TELECOM Digest OnLine - Sorted: Re: Clicking in Phone Line From Electric Fence

Re: Clicking in Phone Line From Electric Fence

Eric Tappert (
Sat, 30 Oct 2004 02:38:20 GMT

On Thu, 28 Oct 2004 20:16:58 UTC, wrote:

> Matt <> wrote:

>> The phone line for the caretaker and ONE of the two office
>> lines experience a continual hum as well as a click, click, click,
>> click, click, every time the electric fence fires off. The program
>> director does not experience any known issue on his line, and the
>> other line in the office is fine. I find this very odd, since both of
>> the office lines come in (presumably) on the same cable?

>> Any thoughts? Verizon is kinda stumped on this issue, so I'm
>> trying to see if I can figure anything out to help them out. Does
>> this sound like a grounding issue? If so is it at the demarc box? Or
>> on a line some place? Why only one phone line and not the other?

> Many years ago, when dinosaurs roamed the earth, I looked after some
> 4-wire leased circuits that we used for data communications.
> Occasionally, usually after a thunderstorm, one of those lines would
> get noisy. I would call what was then a Bell company and report noise
> on circuit number blah. The trouble ticker writer would ask for the
> phone number, which I didn't have because it was a leased 4 wire, not
> a real phone line, but they'd take down the circuit number and almost
> exactly 20 minutes later I would get a call from a technician asking
> me how I knew there was noise on that cicuit. I learned that if I
> told them the truth, that I had put an oscilloscope on there and could
> see it, they would get upset. After some further conversation they'd
> go and check it out. After the techs got to know me, they would tell
> me more and the noise usually turned out to be caused by what they
> called "bad carbons." These are some sort of grounded protective
> devices that apparently get leaky some times. I am willing to bet
> that is what the problem is for you. Now, good luck getting anyone to
> understand the old Bell System term "bad carbons." I assume these are
> sort of surge suppressors of some sort, but what the modern phone
> company might call them is anybody's guess.

> Bill Ranck
> Blacksburg, Va.

> [TELECOM Digest Editor's Note: The most unusual thing I ever saw which
> was sort of like that was when I worked for a place which used wire
> contacts on their doors and windows for a security alarm company. One
> night when it was time to go home, I could not get the alarm to 'set'
> and had to call the alarm company to get them to come over and fix it.
> The trouble when this happened was usually around the elevator doors
> which would slide open and closed. For continuity in the wire, there
> was a wire grill like thing which had to be put across the elevator
> door opening when you were leaving the premises for the night. The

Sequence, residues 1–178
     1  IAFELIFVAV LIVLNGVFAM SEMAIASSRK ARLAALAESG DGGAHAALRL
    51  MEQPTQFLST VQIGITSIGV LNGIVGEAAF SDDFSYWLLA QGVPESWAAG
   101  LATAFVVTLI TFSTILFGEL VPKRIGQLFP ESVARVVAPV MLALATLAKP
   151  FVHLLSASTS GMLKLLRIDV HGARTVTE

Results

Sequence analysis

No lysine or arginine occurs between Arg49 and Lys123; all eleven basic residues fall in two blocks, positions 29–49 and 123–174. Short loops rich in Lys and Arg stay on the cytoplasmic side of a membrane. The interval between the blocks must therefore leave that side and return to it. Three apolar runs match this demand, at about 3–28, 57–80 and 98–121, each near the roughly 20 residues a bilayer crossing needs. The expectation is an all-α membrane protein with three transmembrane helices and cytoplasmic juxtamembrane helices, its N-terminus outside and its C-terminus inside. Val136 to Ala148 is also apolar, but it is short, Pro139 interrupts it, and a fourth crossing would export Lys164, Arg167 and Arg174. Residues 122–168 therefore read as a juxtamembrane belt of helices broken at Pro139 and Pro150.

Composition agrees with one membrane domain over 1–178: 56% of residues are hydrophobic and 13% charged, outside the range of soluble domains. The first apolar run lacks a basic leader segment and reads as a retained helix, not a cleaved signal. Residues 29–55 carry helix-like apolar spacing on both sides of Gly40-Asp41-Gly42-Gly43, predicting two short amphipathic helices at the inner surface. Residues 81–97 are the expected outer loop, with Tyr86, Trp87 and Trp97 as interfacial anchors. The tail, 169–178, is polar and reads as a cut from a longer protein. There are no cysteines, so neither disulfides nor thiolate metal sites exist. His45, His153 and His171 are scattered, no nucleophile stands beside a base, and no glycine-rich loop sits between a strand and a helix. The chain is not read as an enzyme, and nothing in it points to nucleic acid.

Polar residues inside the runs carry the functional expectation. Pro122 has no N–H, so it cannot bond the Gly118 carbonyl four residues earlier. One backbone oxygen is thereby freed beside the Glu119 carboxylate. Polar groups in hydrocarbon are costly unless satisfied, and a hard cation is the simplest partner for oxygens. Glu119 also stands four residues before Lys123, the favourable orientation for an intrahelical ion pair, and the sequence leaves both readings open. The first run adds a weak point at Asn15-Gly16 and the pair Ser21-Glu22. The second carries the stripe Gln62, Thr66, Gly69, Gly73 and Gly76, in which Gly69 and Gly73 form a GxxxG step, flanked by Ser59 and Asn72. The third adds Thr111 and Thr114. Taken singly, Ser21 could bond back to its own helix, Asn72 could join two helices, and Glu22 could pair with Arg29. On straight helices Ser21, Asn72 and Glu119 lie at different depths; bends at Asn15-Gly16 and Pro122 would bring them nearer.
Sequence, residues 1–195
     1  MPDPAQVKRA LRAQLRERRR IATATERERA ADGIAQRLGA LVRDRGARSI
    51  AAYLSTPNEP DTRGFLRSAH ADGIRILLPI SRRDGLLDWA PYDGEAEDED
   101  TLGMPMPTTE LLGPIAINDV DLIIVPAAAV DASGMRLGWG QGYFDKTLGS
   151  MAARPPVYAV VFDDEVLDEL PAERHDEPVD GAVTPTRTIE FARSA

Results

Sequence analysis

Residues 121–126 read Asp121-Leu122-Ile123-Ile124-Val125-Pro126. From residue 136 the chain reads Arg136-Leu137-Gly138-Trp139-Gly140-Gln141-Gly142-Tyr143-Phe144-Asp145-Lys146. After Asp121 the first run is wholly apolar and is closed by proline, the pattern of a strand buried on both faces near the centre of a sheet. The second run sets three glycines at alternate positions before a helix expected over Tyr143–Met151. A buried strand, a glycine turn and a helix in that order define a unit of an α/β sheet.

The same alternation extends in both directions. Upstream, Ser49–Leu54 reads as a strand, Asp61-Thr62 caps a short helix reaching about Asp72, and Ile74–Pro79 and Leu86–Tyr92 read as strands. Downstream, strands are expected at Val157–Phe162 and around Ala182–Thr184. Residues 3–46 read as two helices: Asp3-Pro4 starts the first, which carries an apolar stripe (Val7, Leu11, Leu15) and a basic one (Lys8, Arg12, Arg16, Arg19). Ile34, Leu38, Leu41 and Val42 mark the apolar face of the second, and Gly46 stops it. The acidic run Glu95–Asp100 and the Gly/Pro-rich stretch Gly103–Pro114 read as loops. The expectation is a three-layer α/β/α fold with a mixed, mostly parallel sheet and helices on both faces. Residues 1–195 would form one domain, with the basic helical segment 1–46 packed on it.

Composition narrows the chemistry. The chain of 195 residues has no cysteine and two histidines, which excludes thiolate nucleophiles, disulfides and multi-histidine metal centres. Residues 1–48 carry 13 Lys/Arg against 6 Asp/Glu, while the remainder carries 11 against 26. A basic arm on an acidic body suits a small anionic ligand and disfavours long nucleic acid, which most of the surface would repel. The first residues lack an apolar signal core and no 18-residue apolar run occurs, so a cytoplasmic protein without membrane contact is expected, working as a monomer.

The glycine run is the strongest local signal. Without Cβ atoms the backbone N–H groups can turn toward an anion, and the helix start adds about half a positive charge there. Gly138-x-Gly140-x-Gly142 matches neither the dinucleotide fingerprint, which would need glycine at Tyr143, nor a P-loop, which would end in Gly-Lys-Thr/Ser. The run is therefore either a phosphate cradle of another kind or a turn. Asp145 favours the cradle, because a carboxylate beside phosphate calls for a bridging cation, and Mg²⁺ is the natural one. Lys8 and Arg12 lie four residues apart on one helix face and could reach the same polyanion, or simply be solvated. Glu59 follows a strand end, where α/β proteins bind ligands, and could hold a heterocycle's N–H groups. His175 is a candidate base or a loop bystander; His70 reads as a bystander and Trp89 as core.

> repairman came out (he had a buttset with him with clamps on the ends
> of the wires) and he stood there at the elevator where the grill went
> across the doors, clamped on his buttset and *talked* through the
> wires to the office where he worked, where someone else was making
> adjustments as they talked. Now that I think about it, I guess there
> is no reason you could not carry on a conversation over the wires of
> an alarm system. PAT]

OK, you're in luck, I know the origin of the term "bad carbons". A
carbon protector is a "spark gap" like device that uses carbon
electrodes (acually small blocks of carbon) separated by 3 mils of air
for an insulator. This air gap breaks down somewhere between 500
volts and 1000 volts. One carbon block of the pair is tied to local
ground, the other to either tip or ring. The entire protector has two
pairs of blocks (one pair for tip, one for ring). The idea is that if
a surge (lightning induced, typically, but also power company
switching operations on joint use pole lines can also introduce a
surge) exceeds the breakdown voltage of the 3 mil air gap between the
blocks, an arc forms and a low impedance path to ground protects the
premises equipment.

These protectors are used at customer premises entrances, CO entrances
(actually on the MDF), and at aerial to underground junctions (to
protect the underground cable). The NEC requires them on premises
where the circuit runs between buildings (no flames, please, I know
there are exceptions to that general rule). The "problem" is that
when an arc forms it sometimes "pits" the carbon blocks and results in
some carbon granules floating around the air gap. This can cause a
resistance (often highly variable or intermittent) to the grounded
block, unbalancing the line (typically only one of the pairs of blocks
has the problem). Thus the term "bad carbons".

Modern protectors use gas discharge tubes instead of carbon blocks
separated by air. The sealed discharge tube effectively eliminates
the loss of balance due to particles of the electrodes shorting the
gap. Unfortunately, the old carbon blocks are only replaced when they
go bad or a modern NID is installed, so there are still lots of them
out there. They are usually referred to as "station protectors" or
"primary protectors" (to differentiate them from the SCRs and diodes
used to protect the circuit cards. Those are called "secondary

Hope this helps.

Eric Tappert

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